Last week, I was being Papa’s Uber for Eilene—she was being paid to be a professional “pedestrian,” during an autonomous vehicle test. While I waited for her, I was pursuing the cookbooks at the library. One of the books was Everyday Harumi.
Tag Archives: napa cabbage
When my family does not issue me a challenge—a new cuisine, a particular meat, or an untried vegetable to explore—I sometimes struggle to come up with something new for my Sunday dinners. This dish came up in a roundabout way. Jan, my wife, mentioned the other day about how she really liked fresh pea soup. You might ask, “How does pea soup turn into Asian cabbage rolls?”
Jan, my wife, is an anthropologist at SJSU. When she can, she arranges for her students to do “real world” projects for their assignments. This semester, she will be and her students will be part of a team, organized by NUMU Los Gatos, interviewing relocated American Indians who live in the South Bay. Having moved to the city—from the reservations in the 1950s, ‘60s, and 70s—their stories will soon be lost to history, if they are not recorded now.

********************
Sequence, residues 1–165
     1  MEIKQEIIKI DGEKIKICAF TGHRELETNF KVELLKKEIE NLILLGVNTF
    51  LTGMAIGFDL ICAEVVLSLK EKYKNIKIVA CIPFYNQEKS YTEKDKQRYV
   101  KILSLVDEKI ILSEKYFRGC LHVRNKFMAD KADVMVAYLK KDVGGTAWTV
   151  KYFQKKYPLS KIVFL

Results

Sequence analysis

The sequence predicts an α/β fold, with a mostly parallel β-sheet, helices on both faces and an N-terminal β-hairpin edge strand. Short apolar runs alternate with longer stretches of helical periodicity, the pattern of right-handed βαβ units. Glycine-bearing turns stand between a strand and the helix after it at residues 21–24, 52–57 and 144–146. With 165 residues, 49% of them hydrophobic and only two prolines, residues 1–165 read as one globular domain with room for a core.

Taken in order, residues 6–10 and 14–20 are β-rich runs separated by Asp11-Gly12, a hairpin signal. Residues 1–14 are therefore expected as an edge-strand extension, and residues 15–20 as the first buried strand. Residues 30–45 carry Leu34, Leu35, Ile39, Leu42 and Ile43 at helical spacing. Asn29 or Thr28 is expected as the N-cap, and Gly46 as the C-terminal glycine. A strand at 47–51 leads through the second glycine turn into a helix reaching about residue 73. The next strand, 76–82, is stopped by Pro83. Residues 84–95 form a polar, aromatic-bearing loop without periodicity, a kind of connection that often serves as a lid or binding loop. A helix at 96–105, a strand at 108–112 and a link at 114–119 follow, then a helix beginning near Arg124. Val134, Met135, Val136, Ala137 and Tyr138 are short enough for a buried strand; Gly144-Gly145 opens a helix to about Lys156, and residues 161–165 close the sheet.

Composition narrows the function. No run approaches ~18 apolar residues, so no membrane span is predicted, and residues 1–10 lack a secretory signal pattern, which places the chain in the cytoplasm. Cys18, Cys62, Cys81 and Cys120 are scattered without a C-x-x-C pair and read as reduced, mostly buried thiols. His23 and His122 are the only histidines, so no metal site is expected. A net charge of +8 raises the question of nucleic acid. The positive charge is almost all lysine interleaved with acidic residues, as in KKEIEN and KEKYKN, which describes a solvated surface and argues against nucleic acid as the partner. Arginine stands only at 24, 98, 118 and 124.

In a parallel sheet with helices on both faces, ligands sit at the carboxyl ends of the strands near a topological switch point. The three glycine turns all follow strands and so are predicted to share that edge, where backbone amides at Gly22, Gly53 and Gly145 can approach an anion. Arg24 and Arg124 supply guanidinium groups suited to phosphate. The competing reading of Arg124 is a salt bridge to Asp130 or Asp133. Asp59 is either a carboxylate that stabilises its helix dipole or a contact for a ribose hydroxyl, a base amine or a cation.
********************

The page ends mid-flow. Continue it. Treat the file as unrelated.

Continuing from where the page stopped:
I am making California Fusion Asian pork “tacos” for dinner. I thought it would be nice to have a cool tart slaw to cut the heavy meaty flavor of the filling. Sort of an Asian “taco” with leafy tortilla, filling, and slightly sour Asian “salsa.”
I am making a salmon teriyaki with ponzu sauce and I like to have a variety of pickled side dishes with any Japanese style meal. One of the dishes I made used the ponzu sauce and another I made with just the yuzu skin (the citrus part of the ponzu sauce). I wanted some contrast between my side dishes, so I decided to make a quick spicy kimchi. Real kimchi should be fermented for days or even weeks, but I wanted some of the flavor with none of the waiting.
This is Eilene’s birthday week, so she got to choose Sunday’s dinner. She wanted spicy chicken and pan fried noodles. While this is a meal in itself, I thought that a cold, vegetable salad would be a nice addition to the meal.